“I had to choose between listening to everyone who was close to me or doing what I thought was right. So I fought and I persevered. With support from my siblings, I remained strong, planned my
wedding and carried it out.
“Members of my family shouted at my dad and told him to kill me. I was under genuine fear for my safety.
“Two years later and they speak to me as though none of that even happened. And to this day, no one has ever apologised to me either.”
Death threats like this aren’t uncommon and sometimes the threats become reality. Honour based violence is difficult for someone to get their head around if they’ve always had the freedom to love whoever they want.
The dynamics in some families and communities prevent cross-faith marriages, but those that do find a way, can live a happily, if both of them appreciate the challenges of such a union.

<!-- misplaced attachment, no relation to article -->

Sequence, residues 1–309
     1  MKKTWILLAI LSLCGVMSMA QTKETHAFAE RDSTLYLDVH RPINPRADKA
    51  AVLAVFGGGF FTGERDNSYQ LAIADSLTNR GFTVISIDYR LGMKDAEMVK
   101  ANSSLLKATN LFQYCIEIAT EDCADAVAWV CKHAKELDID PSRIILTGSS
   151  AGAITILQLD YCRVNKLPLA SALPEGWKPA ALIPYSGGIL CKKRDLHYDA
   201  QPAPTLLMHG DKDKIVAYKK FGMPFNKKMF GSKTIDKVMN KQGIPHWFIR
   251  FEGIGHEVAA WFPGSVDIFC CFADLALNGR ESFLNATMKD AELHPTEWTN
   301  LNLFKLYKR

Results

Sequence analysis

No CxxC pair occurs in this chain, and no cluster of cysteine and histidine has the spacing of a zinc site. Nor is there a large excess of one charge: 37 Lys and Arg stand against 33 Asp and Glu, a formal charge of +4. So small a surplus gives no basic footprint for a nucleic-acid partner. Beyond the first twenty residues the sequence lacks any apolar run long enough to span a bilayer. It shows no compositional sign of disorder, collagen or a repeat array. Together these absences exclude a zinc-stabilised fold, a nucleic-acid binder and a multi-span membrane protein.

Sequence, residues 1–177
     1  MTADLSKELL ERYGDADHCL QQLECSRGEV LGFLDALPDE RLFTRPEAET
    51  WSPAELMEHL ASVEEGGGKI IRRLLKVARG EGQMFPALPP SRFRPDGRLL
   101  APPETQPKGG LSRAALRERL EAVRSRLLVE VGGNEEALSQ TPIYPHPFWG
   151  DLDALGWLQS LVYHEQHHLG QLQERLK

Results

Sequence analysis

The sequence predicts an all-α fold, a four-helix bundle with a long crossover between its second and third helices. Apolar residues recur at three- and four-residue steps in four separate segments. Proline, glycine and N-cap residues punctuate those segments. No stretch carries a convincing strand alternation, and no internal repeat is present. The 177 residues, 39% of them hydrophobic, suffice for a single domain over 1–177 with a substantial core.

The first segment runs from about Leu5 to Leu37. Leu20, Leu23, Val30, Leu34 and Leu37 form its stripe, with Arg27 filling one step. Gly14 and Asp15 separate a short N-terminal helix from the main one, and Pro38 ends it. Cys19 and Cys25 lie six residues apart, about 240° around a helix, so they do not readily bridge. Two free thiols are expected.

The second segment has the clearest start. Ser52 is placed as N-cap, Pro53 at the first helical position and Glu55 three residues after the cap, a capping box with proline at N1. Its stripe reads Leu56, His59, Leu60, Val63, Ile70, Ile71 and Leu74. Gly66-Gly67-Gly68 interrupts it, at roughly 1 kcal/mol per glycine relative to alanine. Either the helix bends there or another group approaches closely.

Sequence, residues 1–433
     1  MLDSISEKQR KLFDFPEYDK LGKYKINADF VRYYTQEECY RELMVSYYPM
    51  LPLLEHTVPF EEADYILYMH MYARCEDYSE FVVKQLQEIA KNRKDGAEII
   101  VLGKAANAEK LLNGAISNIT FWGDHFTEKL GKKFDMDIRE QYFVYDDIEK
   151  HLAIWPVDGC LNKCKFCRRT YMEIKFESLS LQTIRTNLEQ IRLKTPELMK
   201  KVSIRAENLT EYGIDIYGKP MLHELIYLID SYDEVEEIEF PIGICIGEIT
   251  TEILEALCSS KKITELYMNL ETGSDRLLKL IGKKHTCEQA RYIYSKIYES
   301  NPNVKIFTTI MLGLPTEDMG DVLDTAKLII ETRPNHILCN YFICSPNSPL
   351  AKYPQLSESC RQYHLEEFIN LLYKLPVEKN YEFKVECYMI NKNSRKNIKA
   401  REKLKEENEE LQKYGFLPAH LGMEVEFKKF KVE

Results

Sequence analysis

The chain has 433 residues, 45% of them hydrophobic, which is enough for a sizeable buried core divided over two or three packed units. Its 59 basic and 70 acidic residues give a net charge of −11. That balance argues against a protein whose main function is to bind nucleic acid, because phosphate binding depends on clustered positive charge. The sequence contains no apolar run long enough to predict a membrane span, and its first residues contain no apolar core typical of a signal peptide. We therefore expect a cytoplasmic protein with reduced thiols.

When two people from different countries such as Pakistan and India fall in love, it presents many challenges for the couple.
In the UK, the likelihood of this happening is higher than in South Asia. Since South Asian migrants living in the UK are not specifically from one country. Most people live in UK towns or cities which have a healthy mix of all South Asian communities.
When Ashok whose family originates from India, fell in love Raheema whose roots are from Pakistan, both of them felt their love was strong to overcome any oppression.